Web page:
The Company estimates its solar module shipments in the third quarter of 2011 to be in the range of 372 MW to 375 MW, compared to the Company's previous guidance of 480 MW to 520 MW for the reasons discussed below.
And the reasons discussed below are:
A deflationary pricing environment impacted by challenging financing conditions for some of our customer's European projects resulted in the shortfall of our targeted shipment volumes.
This guidance was for the period ended 30 September 2011.
The decline was - unsurprisingly blamed on challenging financing conditions in Europe.
The reason why a huge shipment volume downgrade was surprising was because the last guidance was given in a conference call on 23 August 2011, in other words when the quarter was more than half done.
And in that conference call they actually saw a pickup in demand in Southern Europe. To quote:
Mark Kingsley (COO): I have been waiting for Italy since I got here. So, we are actually seeing some good activity finally. And we have some pickup in activity. We see it. Obviously, our historic Italian account is at the utilities. We also see Spanish accounts that a lot of them actually served projects there. So, after much waiting and unclarity, we are seeing some pickup in demand. There is – we still have a mix of utility projects in commercial rooftop there. And so what we are seeing moved quicker was the stuff that was utility that was finishing off and now it’s blending into commercial rooftop.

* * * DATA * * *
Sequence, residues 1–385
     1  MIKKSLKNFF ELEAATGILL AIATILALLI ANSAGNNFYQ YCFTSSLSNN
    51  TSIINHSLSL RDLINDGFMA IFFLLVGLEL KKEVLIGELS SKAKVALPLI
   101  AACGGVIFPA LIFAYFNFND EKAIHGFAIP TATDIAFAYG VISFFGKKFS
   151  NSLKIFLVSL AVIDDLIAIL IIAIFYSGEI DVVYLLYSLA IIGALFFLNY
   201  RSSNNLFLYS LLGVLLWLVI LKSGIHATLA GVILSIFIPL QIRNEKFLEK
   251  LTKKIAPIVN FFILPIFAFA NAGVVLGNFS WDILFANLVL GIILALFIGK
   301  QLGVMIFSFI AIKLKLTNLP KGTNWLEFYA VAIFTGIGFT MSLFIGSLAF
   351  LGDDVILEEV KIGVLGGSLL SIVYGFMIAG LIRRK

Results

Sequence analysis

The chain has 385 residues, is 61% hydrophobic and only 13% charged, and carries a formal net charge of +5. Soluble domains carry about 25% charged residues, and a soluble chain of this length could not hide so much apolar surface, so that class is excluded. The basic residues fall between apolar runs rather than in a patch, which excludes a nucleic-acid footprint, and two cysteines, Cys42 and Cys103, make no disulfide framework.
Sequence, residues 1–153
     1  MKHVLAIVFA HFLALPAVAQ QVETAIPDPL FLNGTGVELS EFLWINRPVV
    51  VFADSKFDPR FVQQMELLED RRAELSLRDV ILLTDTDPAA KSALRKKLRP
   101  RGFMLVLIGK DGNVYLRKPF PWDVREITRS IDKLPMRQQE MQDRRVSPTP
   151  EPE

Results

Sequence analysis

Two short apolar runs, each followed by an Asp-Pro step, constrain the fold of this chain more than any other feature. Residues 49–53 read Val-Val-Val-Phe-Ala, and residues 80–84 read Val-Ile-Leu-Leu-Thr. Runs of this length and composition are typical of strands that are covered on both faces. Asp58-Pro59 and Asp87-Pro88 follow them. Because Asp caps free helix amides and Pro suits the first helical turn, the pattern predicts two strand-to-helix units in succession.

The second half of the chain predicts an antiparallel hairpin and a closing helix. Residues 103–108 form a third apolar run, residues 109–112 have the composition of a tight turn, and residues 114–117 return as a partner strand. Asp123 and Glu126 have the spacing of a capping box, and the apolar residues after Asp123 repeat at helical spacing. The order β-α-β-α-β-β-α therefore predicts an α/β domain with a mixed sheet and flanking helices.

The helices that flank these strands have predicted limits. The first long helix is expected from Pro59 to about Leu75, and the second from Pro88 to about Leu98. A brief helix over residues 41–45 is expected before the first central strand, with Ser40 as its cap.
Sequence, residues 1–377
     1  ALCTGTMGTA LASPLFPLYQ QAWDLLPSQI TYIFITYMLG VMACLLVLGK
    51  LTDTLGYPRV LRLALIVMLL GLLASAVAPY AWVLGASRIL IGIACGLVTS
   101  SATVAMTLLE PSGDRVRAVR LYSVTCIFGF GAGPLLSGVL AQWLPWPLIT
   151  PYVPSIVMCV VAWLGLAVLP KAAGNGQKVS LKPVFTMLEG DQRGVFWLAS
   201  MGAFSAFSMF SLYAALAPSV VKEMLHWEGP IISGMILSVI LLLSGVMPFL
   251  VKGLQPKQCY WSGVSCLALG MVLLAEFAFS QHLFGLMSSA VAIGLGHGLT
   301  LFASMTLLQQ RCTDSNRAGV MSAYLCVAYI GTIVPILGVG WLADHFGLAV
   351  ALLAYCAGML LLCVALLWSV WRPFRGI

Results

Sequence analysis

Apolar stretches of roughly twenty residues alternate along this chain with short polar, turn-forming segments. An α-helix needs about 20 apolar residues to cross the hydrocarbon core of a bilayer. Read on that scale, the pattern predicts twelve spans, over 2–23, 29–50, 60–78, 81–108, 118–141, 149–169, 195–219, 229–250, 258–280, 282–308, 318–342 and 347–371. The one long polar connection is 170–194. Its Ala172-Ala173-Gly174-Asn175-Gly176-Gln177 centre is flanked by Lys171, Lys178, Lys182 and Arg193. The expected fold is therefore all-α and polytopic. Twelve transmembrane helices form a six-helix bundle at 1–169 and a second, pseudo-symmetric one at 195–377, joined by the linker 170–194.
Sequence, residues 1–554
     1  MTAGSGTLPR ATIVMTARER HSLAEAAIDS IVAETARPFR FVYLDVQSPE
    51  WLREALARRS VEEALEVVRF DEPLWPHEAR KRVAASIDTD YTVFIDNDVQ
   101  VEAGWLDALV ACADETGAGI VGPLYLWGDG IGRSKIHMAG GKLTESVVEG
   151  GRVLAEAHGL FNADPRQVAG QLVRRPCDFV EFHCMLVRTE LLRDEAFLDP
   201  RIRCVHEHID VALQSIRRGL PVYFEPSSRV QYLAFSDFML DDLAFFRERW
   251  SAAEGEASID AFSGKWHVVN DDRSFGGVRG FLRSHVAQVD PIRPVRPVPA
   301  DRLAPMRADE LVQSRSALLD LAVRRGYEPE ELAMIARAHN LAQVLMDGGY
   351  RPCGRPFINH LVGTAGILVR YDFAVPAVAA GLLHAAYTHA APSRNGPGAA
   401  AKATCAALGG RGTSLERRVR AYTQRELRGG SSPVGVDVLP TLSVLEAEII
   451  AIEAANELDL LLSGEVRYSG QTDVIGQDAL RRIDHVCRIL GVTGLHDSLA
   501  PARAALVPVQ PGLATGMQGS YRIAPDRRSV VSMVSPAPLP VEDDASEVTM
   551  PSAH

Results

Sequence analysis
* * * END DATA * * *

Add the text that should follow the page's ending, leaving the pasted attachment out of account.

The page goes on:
Now Mark Kingsley's comment was not forward looking. They were "actually seeing some good activity" in Italy and "some pickup in demand" in Spain. These were historical comments not protected by the various safe-harbors in the securities law. So they must be true or Mark Kingsley is going to be subject to securities fraud claims. And Mr Kingsley is not a Chinese executive - he has to live with his historical comments so I figure he must be telling the truth.
Whatever: volume came in more than 20 percent lower than an estimate made in the last half of the quarter.
Presuming as I do that Mark Kingsley was telling the unvarnished truth as it was on 23 August then demand in Europe must have fallen close to zero for the remainder of the quarter.
That is even worse than I thought.